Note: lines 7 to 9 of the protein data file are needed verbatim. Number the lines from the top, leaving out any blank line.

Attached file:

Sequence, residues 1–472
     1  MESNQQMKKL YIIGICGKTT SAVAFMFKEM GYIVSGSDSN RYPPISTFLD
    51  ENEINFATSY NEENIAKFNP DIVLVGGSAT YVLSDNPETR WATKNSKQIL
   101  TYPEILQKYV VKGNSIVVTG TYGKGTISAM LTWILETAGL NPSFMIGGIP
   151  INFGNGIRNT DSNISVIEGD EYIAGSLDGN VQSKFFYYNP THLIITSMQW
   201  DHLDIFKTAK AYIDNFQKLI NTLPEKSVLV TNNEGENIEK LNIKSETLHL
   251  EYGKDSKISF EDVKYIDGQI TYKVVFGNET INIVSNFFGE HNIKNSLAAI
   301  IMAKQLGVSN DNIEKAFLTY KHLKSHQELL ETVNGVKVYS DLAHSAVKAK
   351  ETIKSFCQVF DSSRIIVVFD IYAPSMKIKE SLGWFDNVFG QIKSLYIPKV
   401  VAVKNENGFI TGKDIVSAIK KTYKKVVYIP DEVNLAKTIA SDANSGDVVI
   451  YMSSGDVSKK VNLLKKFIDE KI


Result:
   251  EYGKDSKISF EDVKYIDGQI TYKVVFGNET INIVSNFFGE HNIKNSLAAI
   301  IMAKQLGVSN DNIEKAFLTY KHLKSHQELL ETVNGVKVYS DLAHSAVKAK
   351  ETIKSFCQVF DSSRIIVVFD IYAPSMKIKE SLGWFDNVFG QIKSLYIPKV